A correct diagnosis can only be made by a medical professional. Once a thrombotic event occurs, the patient will undergo blood tests to detect if there is a chemical imbalance. If there is a strong family or personal history of thrombosis, it is recommended those individuals undergo further genetic testing to see if there is a mutation causing thrombophilia. For a patient to be diagnosed with inherited thrombophilia, they must have 2 abnormal test results and a family history.

Diagnostic tests of Thrombophilia has not been added yet

Many patients who have thrombophilia may never develop thrombosis or need treatment. There is no specific treatment for thrombophilia, but recurrent episodes of thrombosis will require long-term preventative anti-coagulation therapy. Fast acting injectable heparin and warfarin tablets are the most common anti-coagulants. Several newer oral anti-coagulants have recently entered the market.

Individuals with Type II thrombophilia (such as Factor V Leiden or prothrombin) are at a low risk of thrombosis, but it may develop in the presence of other risk factors, such as immobilization. 60% of individuals with Antithrombin III deficiency will develop thrombosis at some point in their lives. 50% of individuals with Protein C deficiency and 30% of individuals with Protein S deficiency will develop thrombosis at some point in their lives.

Individuals with thrombophilia are at a greater risk of developing blood clots. As a precaution, these individuals should lose weight if they are overweight, stop smoking, and avoid being immobile for long periods of time. For those individuals who are at high risk for thrombophilia, they may want to take warfarin on a long-term basis to reduce the risk of DVT or PE.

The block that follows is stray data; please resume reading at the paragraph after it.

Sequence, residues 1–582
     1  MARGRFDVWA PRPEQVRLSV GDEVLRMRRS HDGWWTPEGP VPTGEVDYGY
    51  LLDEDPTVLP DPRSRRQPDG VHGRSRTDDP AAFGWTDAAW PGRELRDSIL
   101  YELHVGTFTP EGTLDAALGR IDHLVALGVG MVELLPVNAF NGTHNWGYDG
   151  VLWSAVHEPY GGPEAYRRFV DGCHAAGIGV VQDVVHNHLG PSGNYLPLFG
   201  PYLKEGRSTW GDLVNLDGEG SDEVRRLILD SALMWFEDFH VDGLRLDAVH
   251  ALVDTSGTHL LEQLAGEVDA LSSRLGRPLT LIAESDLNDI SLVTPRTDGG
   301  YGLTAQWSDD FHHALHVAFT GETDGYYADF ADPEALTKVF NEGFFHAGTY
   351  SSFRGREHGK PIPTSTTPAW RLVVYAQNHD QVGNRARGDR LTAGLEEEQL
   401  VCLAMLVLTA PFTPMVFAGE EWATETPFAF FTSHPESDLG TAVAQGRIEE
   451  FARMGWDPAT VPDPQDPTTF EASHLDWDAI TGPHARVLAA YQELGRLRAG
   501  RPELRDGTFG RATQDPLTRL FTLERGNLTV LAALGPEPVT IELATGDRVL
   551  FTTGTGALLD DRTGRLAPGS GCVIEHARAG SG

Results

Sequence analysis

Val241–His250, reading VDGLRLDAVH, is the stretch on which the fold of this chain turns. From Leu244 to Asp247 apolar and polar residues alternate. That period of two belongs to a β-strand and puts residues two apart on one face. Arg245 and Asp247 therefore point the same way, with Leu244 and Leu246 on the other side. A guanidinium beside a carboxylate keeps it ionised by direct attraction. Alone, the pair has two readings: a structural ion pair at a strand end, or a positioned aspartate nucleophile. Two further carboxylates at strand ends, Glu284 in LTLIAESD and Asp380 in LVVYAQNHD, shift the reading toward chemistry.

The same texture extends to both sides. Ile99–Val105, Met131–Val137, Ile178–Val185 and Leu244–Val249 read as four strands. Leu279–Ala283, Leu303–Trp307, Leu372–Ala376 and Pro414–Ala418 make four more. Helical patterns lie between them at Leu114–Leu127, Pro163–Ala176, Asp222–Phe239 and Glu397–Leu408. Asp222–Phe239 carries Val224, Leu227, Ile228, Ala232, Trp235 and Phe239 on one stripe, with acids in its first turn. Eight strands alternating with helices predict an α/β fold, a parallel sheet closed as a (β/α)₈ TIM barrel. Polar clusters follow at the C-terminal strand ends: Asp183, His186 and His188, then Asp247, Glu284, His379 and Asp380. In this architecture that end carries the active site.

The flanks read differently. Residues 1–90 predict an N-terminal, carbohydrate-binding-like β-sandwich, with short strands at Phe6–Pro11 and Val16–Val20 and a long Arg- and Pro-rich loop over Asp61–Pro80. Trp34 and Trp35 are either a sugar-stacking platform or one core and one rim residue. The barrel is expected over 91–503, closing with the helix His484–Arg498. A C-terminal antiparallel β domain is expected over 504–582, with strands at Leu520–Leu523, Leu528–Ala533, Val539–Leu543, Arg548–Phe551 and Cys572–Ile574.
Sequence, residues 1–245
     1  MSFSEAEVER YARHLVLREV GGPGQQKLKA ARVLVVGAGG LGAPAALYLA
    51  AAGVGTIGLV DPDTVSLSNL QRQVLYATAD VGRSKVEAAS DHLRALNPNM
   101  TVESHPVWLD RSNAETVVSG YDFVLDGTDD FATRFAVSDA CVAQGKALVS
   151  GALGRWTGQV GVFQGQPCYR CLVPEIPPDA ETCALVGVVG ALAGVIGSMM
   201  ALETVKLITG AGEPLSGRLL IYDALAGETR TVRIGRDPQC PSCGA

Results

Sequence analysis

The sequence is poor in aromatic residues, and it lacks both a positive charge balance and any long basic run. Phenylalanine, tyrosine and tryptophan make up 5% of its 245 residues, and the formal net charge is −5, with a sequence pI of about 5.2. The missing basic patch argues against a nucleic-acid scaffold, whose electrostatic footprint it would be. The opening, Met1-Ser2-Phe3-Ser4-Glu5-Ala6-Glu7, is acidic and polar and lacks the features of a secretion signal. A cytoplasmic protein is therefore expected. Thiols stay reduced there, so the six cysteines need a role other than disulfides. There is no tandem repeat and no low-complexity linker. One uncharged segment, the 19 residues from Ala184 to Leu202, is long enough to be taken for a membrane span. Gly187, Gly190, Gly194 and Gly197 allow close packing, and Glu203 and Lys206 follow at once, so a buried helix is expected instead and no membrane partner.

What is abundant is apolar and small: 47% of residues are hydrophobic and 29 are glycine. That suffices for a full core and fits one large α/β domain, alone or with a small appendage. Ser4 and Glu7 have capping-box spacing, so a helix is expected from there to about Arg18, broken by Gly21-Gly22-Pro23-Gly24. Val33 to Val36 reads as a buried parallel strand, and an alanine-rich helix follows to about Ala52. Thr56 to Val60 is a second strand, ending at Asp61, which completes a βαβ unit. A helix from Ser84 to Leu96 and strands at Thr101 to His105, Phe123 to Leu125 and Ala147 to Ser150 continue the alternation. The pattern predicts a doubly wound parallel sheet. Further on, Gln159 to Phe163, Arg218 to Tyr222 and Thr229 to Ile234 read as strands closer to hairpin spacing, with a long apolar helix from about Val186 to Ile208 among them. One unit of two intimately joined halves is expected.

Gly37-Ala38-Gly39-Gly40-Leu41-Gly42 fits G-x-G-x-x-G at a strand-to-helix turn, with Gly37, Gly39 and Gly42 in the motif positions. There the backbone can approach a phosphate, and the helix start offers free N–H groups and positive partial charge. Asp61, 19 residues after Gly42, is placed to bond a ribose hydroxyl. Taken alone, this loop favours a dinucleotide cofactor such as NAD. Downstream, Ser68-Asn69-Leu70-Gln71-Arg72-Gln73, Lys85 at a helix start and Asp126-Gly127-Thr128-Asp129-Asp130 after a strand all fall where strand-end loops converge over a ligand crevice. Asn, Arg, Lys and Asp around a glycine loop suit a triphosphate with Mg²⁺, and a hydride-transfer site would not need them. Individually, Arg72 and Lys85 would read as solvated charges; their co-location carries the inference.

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Thrombophilia Awareness Project

This website exists to help persons affected by thrombophilia by serving as a portal to a wide array of diverse and up-to-date information, education, treatment, research, peer support and more.

03/20/2017

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Cords registry

CoRDS, or the Coordination of Rare Diseases at Sanford, is based at Sanford Research in Sioux Falls, South Dakota. It provides researchers with a centralized, international patient registry for all rare diseases. This program allows patients and researchers to connect as easily as possible to help advance treatments and cures for rare diseases. The CoRDS team works with patient advocacy groups, individuals and researchers to help in the advancement of research in over 7,000 rare diseases. The registry is free for patients to enroll and researchers to access.

Enrolling is easy.

  1. Complete the screening form.
  2. Review the informed consent.
  3. Answer the permission and data sharing questions.

After these steps, the enrollment process is complete. All other questions are voluntary. However, these questions are important to patients and their families to create awareness as well as to researchers to study rare diseases. This is why we ask our participants to update their information annually or anytime changes to their information occur.

Researchers can contact CoRDS to determine if the registry contains participants with the rare disease they are researching. If the researcher determines there is a sufficient number of participants or data on the rare disease of interest within the registry, the researcher can apply for access. Upon approval from the CoRDS Scientific Advisory Board, CoRDS staff will reach out to participants on behalf of the researcher. It is then up to the participant to determine if they would like to join the study.

Visit sanfordresearch.org/CoRDS to enroll.